Jamaica's Alia Atkinson became the first black woman swimmer to both win a world title and break a world record on Saturday, taking first in the 100-meter breaststroke at the world short-course championships in Doha, Qatar.
Atkinson beat Lithuania's Ruta Meilutyte by 0.1 seconds, with a time of 1 minute and 2.36 seconds. That ties Meilutyte's world record, but Atkinson's time qualifies as the new record under current swimming regulations.
Atkinson's reaction was priceless — as was her victory, which is hugely symbolic in an overwhelmingly white sport.
This is so much more than just a swimming title. Atkinson's win is a major first in a sport that has, for most of its history, been lily-white. The lack of diversity could be attributed to economics: It costs money to belong to a swim club and team, as well as to register for and attend prestigious swim meets. Swim legend Donna de Varona noted the cost barrier in a 2012 appearance on MSNBC's The Melissa Harris-Perry Show. Throw in a pricey, high-tech swimsuit, and it's easy to see how the sport would be a burden to low-income families — with poverty rates higher among racial minority populations — with few discretionary funds.
But it's not all economic. The New York Times reported on a 2010 study by the USA Swimming Foundation and the University of Memphis that found "fear trumped financial concerns across all respondent race groups in low-income families" as to why, the study claims, nearly 70% of black children cannot swim.
In America, pools were racially segregated beginning in the 1920s and '30s if not by a club's policy then by other, more violent means. As historian Jeff Wiltse, author of Contested Waters: A Social History of Swimming Pools in America, explained in an interview with NPR, if people of color were granted swimming access, they were often beaten by whites.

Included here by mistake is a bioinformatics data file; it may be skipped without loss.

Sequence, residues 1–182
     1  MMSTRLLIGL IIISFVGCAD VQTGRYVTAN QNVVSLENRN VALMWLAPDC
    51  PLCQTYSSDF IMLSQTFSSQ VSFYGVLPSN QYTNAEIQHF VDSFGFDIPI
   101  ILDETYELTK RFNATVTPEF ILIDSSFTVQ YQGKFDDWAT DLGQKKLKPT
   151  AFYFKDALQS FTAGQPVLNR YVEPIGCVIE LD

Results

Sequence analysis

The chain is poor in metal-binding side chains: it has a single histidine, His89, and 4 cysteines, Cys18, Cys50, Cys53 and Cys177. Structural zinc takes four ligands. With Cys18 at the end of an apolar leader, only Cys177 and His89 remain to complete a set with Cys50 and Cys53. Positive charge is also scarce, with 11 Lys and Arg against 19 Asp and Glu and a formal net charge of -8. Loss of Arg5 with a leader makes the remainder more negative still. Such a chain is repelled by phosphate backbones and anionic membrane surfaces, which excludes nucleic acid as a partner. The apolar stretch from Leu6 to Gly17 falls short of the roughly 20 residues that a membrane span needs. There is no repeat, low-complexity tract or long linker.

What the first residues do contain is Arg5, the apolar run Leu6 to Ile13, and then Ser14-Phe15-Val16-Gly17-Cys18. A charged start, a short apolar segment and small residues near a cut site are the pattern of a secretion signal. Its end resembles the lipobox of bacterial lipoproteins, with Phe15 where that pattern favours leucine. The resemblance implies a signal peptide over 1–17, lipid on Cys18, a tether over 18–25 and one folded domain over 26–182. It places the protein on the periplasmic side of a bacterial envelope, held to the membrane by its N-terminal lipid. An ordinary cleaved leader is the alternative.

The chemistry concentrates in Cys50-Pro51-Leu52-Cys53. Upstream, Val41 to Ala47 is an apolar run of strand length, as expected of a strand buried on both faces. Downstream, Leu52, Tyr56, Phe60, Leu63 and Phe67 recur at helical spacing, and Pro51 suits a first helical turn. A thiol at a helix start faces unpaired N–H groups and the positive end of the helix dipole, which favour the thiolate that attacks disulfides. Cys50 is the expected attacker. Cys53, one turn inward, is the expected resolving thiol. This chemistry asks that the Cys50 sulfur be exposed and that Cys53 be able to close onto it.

Wiltse specifically talked about Pittsburgh, which "did not pass an official policy of racial segregation at its pools. But rather, the police and the city officials allowed, and in some cases encouraged, white swimmers to literally beat black swimmers out of the water, as a means of segregating pools, as a means of intimidating them from trying to access pools." Guards were also posted outside some pools.
The sport has a history of racism outside the U.S., too. In women's swimming, this was most evident in the needless investigation and questioning of China's Ye Shiwen after she broke the 400-meter Individual medley world record at the 2012 Olympics. Racism occurs on this level when there is widespread disbelief that a person who is not white can excel at a white-dominated sport.
Could this be a turning point? Atkinson clearly knows what she symbolizes in the sport, taking the attention as an opportunity to raise some much needed awareness. "Hopefully my face will come out," she told the Telegraph, "there will be more popularity especially in Jamaica and the Caribbean and we'll see more of a rise and hopefully in the future we will see a push."
If this tweet is any indication, her message has been heard, loud and clear.